to Out on a Limb,
a monthly newsletter from Martha Clark Scala. This free e-zine
is meant to invite and inspire you to maximize the joy in
Different Does Not Equal Wrong
As I reflect on June of 2015, I notice a thread that ran through both personal and beyond-personal conversations or events. That thread stirs a familiar lament: what is so difficult about tolerating differences? Here is a sampling of how this theme got very loud in just one month of just one year:
A spouse rants about her wifeís excessive need for time alone; this is how the wife re-charges her battery. The spouse tries desperately to get me to agree with her that the wife is wrong, and she is right. (I didnít.)
A son complains about his fatherís method of planning a vacation. He is not really an itinerary-builder so he criticizes Dadís almost-obsessive need to nail down all details of a trip.
Just a few days after the Supreme Court of the United Statesí landmark decision that made marriage, regardless of sexual orientation, legal, some pretty hateful posts appear on Facebook.
One co-worker rejects another because they have opposite views about how best to respond to a traumatic event.
Just writing out this partial list evokes a fatigue that goes deep. Do you feel the tension, too? Why must we get so polarized when challenged to accept that someone is different from us? Previous Out on a Limb newsletters have looked at Cultivating Tolerance, and how to Grey Your Black-and-White Thinking. Still, I am in search of solutions as this issue feels so utterly intertwined with bringing joy back to our lives. Joy will elude us if we are so busy making that other person (or organization) wrong for their different style, personality, preference, choice, trait, or belief. Perhaps we are called to adopt a stance of neutrality but even as I type out that word, I can hear my opponents say something like, ďNeutrality? How boring. Thatís just a cop-out!Ē I know some people who just love a debate no matter what the topic! I cast my vote for neutrality. Might it not bring more joy to be less attached to whether someone or something is right or wrong? That popular phrase, ďIt is what it is,Ē could be a helpful mantra. Neutrality might mean less drama, but more peace. I know neutrality will not work in all situations (such as those where human rights are violated) but perhaps it is a move in the right direction.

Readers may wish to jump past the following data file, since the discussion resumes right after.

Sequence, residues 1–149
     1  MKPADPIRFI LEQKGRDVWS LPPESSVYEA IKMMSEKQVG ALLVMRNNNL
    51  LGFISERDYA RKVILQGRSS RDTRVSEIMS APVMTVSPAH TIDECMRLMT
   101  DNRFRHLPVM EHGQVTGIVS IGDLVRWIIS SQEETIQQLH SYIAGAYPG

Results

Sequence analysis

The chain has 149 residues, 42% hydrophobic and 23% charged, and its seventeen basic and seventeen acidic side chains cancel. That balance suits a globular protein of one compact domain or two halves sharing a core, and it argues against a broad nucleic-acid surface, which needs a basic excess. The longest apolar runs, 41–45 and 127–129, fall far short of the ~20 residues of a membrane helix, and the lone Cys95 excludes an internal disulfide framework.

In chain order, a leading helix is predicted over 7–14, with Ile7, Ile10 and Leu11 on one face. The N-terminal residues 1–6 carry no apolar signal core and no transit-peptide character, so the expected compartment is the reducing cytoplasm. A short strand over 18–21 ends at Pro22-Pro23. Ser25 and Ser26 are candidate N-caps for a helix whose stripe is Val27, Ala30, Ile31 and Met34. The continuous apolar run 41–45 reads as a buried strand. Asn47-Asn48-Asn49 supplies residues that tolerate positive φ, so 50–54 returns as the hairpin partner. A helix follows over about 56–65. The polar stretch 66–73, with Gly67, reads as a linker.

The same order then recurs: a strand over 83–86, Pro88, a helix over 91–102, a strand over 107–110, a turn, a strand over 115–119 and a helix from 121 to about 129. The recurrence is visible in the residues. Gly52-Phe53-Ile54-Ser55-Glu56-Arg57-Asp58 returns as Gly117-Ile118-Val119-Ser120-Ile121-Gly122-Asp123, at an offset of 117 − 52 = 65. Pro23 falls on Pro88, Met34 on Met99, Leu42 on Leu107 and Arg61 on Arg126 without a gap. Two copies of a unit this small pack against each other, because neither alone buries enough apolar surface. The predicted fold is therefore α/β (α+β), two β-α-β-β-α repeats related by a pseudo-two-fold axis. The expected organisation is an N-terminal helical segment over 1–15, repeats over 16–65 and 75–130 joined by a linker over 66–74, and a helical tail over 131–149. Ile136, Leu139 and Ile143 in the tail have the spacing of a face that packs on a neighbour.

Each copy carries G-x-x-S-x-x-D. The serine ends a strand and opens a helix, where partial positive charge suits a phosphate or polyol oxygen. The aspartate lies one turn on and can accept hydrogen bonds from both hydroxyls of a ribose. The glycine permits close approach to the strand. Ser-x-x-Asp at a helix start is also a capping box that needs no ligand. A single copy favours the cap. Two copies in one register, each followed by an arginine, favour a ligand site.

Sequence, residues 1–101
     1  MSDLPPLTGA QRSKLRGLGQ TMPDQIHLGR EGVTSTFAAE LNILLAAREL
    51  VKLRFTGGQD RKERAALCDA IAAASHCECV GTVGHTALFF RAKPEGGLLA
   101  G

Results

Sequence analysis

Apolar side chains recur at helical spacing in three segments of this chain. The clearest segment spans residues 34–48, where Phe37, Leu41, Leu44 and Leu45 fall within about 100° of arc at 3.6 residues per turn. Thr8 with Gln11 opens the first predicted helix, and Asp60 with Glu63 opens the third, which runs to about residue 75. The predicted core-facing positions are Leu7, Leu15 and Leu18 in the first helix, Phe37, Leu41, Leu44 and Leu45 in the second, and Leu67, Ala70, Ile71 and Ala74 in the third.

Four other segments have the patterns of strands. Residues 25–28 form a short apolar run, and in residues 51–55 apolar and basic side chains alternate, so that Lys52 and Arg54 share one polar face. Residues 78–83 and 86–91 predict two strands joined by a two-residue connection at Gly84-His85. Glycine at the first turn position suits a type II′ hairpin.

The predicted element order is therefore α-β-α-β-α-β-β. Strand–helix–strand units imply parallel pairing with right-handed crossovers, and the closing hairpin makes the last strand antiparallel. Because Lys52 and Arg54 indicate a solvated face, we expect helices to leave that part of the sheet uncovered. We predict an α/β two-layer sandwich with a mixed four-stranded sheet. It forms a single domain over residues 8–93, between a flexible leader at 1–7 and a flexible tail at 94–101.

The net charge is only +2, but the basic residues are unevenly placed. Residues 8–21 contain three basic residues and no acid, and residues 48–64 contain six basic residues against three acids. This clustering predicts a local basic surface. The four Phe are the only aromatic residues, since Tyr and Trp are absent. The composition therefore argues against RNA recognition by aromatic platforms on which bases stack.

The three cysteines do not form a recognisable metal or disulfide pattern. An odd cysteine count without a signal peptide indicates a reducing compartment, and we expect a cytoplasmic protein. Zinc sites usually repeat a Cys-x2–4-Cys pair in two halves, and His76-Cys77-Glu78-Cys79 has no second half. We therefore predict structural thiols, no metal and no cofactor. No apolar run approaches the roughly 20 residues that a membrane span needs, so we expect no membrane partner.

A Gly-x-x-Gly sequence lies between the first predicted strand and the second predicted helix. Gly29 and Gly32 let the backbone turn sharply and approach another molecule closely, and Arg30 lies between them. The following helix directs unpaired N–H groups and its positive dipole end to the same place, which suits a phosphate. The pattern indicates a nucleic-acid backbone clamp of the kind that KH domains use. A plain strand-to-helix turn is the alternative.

A Lesson from Typologies
I can think of at least three different systems used to explain the differences in personality types: the Myers-Briggs Type Indicator, the nine Enneagram Types, and the Five Elements theory of associated with Chinese medicine. Investigate any of these typologies and you will find neutrality! For example, the Chinese medicine practitioner will not say that a Wood type is awful or bad, and an Earth type is perfect. A competent Enneagram specialist will present all 9 types as having strengths and weaknesses. There is no hierarchy dictating which type is right versus wrong, good vs. bad, better vs. worse. Neutrality!
Polarities and Neutrality
The Myers-Briggs Type Indicator may illuminate polarities between two people. You get a score with four of eight possible letters in it. For example, you are either an E (extravert) or an I (introvert), an S (sensing) or an N (intuitive), etc. In the first item of my list above, the spouse is probably an extravert; her wife is an introvert but neither is wrong! They just re-charge their battery in opposite ways. To summon neutrality, the E is asked not to judge the I but rather to appreciate the different-ness. As with brown eyes vs. blue or vanilla vs. chocolate ice cream, we are entitled to our preferences. If someone prefers something different? It just is what it is.
Your July 2015 Prompts for Joy
Click here for an amusing look at the differences between menís and womenís brains.
(Thank you, Setareh Moafi!)
Click here to be reminded that what is unique or different about each of us is what makes us special.
(Thanks so much, Danielle Potheau!)
All previous Prompts for Joy (PFJs) can be found at my website, unless the video url is no longer functional.
Joy-Gram for July 2015
Try neutrality on for size. This suggestion sounds easy but may be difficult to execute!
By no means
do I have joy “figured out.” Please do not assume
that I do! I write Out On a Limb as much as a meditation for
myself in the ongoing pursuit of joy, as for you. I think this
pursuit is a lifelong journey and that the full experience
of joy is, at best, episodic. May we all have more episodes!
Martha Clark Scala, MFT · 721 Colorado Ave., Suite 201, Palo Alto, CA 94303 ·